Progress toward characterization of the atmospheric boundary layer over northern Alabama using observations by a vertically pointing, S-band profiling radar during VORTEX-Southeast
Tanamachi, R. L., S. J. Frasier, J. Waldinger, A. LaFleur, D. D. Turner, and F. Rocadenbosch
During spring 2016 and spring 2017, a vertically pointing, S-band Frequency Modulated Continuous Wave radar (UMass FMCW) was deployed in northern Alabama under the auspices of the Verification of the Origins of Rotation in Tornadoes Experiment (VORTEX)-Southeast. In total, ~14 weeks of data were collected, in conditions ranging from quiescent clear skies to severe thunderstorms. The principal objective of these deployments was to characterize the boundary layer evolution near the VORTEX-Southeast domain. In this paper, we describe intermediate results in service of this objective. Specifically, we describe updates to the UMass FMCW system, document its deployments for VORTEX-Southeast, and apply four automated algorithms: 1) a dealiasing algorithm to the Doppler velocities, 2) a fuzzy logic scatterer classification scheme to separate precipitation from nonprecipitation observations, 3) a brightband/melting-layer identification algorithm for stratiform precipitation, and 4) an extended Kalman filter–based convective boundary layer depth (mixing height) measurement algorithm for nonprecipitation observations. Results from the latter two applications are qualitatively verified against retrieved soundings from a collocated thermodynamic profiling system.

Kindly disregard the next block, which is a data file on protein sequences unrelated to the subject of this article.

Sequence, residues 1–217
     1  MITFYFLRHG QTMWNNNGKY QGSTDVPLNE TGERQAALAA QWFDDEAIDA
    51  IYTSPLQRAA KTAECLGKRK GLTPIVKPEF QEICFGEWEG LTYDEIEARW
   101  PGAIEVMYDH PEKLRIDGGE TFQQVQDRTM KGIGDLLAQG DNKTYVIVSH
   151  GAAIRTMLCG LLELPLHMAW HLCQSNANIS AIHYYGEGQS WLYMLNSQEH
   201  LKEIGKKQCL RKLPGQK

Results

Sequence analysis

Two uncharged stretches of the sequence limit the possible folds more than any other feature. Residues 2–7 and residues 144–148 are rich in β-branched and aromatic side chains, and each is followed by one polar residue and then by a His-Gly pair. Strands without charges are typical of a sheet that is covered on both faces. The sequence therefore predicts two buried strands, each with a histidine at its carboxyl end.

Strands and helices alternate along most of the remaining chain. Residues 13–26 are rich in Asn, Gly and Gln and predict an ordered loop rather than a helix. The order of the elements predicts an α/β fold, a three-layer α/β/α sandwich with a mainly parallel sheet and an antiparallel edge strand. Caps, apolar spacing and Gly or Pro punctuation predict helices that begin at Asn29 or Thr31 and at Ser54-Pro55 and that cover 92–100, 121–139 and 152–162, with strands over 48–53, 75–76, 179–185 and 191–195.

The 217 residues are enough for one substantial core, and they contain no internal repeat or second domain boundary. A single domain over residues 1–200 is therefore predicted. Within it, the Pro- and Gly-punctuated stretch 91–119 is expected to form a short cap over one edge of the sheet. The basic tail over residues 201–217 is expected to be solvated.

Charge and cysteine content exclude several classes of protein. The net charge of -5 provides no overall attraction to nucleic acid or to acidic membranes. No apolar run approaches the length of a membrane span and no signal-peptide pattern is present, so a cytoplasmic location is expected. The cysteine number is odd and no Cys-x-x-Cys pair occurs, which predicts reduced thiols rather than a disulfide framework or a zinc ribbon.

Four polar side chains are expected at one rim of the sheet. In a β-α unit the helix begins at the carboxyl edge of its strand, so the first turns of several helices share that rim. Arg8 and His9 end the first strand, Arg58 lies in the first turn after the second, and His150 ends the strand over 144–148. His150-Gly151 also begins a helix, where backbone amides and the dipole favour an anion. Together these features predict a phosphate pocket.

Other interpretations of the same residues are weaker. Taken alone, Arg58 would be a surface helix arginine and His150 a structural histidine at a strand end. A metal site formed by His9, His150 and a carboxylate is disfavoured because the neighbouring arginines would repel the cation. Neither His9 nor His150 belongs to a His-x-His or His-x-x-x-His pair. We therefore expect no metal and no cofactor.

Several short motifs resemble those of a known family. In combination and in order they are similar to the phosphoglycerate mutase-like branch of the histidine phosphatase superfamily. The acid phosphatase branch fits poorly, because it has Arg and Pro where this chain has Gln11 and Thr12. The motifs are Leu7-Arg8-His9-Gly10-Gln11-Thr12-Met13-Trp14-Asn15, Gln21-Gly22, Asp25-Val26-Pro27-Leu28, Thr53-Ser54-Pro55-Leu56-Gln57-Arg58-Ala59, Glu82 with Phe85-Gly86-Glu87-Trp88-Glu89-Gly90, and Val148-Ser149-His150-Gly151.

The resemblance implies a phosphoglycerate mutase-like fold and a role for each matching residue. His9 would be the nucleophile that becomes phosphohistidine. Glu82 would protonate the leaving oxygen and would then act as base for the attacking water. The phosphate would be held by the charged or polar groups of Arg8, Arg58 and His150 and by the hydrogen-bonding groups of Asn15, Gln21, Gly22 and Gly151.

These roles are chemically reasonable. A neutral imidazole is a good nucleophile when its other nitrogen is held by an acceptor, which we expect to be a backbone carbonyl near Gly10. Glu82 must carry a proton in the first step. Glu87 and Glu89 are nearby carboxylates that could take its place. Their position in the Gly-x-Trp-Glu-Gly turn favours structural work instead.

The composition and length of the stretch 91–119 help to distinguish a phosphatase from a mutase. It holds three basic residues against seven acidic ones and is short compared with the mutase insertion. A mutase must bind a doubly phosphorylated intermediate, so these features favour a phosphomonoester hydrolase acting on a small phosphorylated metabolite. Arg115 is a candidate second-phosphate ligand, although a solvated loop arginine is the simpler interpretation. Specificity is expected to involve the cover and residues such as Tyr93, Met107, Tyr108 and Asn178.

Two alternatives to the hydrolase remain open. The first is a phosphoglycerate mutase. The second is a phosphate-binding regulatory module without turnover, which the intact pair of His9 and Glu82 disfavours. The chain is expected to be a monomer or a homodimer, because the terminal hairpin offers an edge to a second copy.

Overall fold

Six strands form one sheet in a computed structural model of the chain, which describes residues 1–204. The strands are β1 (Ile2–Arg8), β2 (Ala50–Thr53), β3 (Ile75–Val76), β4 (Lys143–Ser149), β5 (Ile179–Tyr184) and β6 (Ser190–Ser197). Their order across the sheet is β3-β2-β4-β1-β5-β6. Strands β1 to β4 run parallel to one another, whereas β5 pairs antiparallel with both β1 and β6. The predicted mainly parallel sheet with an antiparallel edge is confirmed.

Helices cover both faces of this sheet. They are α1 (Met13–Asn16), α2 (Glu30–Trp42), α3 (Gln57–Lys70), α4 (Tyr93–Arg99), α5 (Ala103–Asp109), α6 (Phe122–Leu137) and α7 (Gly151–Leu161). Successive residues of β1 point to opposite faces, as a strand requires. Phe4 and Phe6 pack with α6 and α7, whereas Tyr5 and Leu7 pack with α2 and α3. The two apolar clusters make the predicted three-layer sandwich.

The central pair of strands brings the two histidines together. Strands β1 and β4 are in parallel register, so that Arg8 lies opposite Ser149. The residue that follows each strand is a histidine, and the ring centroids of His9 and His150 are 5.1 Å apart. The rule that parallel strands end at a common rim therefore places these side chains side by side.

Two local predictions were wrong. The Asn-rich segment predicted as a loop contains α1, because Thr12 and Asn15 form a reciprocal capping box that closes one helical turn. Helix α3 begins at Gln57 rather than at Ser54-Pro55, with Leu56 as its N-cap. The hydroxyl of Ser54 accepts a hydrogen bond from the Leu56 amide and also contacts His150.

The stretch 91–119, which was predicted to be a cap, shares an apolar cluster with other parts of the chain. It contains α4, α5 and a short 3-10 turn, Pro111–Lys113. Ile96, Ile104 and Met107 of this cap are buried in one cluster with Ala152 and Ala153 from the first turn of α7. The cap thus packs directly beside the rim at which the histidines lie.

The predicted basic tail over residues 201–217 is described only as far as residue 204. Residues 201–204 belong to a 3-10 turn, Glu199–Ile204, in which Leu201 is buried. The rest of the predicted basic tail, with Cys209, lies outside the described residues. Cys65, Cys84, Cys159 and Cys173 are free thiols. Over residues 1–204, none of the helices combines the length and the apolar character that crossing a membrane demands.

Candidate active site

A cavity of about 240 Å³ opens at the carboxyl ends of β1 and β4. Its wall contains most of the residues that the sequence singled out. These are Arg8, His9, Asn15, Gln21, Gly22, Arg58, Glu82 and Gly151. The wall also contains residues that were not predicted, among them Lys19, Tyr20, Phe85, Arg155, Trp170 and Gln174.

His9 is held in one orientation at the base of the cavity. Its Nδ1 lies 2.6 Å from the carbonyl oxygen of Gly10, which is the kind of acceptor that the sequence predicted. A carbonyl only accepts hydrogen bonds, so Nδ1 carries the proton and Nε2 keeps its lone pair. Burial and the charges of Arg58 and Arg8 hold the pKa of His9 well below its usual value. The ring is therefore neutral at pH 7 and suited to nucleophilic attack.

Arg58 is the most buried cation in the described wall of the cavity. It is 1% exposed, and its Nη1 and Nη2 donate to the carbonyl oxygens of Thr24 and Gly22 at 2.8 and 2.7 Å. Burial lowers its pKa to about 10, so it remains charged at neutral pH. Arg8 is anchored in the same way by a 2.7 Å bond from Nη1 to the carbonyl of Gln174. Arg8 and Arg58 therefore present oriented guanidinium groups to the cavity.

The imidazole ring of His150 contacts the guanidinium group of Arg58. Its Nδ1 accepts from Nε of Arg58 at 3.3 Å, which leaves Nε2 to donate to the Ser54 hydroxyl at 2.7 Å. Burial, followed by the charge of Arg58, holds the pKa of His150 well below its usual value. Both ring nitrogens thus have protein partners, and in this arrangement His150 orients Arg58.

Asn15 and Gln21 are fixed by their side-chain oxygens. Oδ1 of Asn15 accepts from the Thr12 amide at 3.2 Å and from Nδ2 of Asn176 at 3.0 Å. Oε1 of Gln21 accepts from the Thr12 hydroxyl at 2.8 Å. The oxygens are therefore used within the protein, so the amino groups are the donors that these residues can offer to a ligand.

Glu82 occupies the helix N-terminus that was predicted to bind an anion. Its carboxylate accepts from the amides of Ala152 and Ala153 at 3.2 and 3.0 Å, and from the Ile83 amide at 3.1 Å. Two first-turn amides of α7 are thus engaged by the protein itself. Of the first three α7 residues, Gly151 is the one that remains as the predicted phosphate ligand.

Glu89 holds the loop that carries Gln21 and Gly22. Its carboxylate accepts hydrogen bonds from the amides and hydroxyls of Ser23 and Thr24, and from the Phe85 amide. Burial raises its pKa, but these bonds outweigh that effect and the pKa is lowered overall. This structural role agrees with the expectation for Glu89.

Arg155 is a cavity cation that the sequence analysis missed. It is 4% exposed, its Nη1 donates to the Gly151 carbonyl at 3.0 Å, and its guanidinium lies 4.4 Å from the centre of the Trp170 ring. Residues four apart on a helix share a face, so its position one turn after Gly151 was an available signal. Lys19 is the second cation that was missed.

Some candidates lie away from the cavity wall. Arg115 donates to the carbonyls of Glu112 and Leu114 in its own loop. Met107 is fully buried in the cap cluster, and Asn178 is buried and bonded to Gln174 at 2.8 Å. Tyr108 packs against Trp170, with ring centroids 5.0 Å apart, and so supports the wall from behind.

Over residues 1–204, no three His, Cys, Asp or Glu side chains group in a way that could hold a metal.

A New Technique to Estimate Sensible Heat Fluxes around Micrometeorological Towers Using Small Unmanned Aircraft Systems
Temple Lee, Michael Buban, Edward Dumas, Bruce Baker
Upscaling point measurements from micrometeorological towers is a challenging task that is important for a variety of applications, for example, in process studies of convection initiation, carbon and energy budget studies, and the improvement of model parameterizations. In the present study, a technique was developed to determine the horizontal variability in sensible heat flux H surrounding micrometeorological towers. The technique was evaluated using 15-min flux observations, as well as measurements of land surface temperature and air temperature obtained from small unmanned aircraft systems (sUAS) conducted during a one-day measurement campaign. The computed H was found to be comparable to the micrometeorological measurements to within 5–10 W m−2. Furthermore, when comparing H computed using this technique with H determined using large-eddy simulations (LES), differences of <10 W m−2 were typically found. Thus, implementing this technique using observations from sUAS will help determine sensible heat flux variability at horizontal spatial scales larger than can be provided from flux tower measurements alone.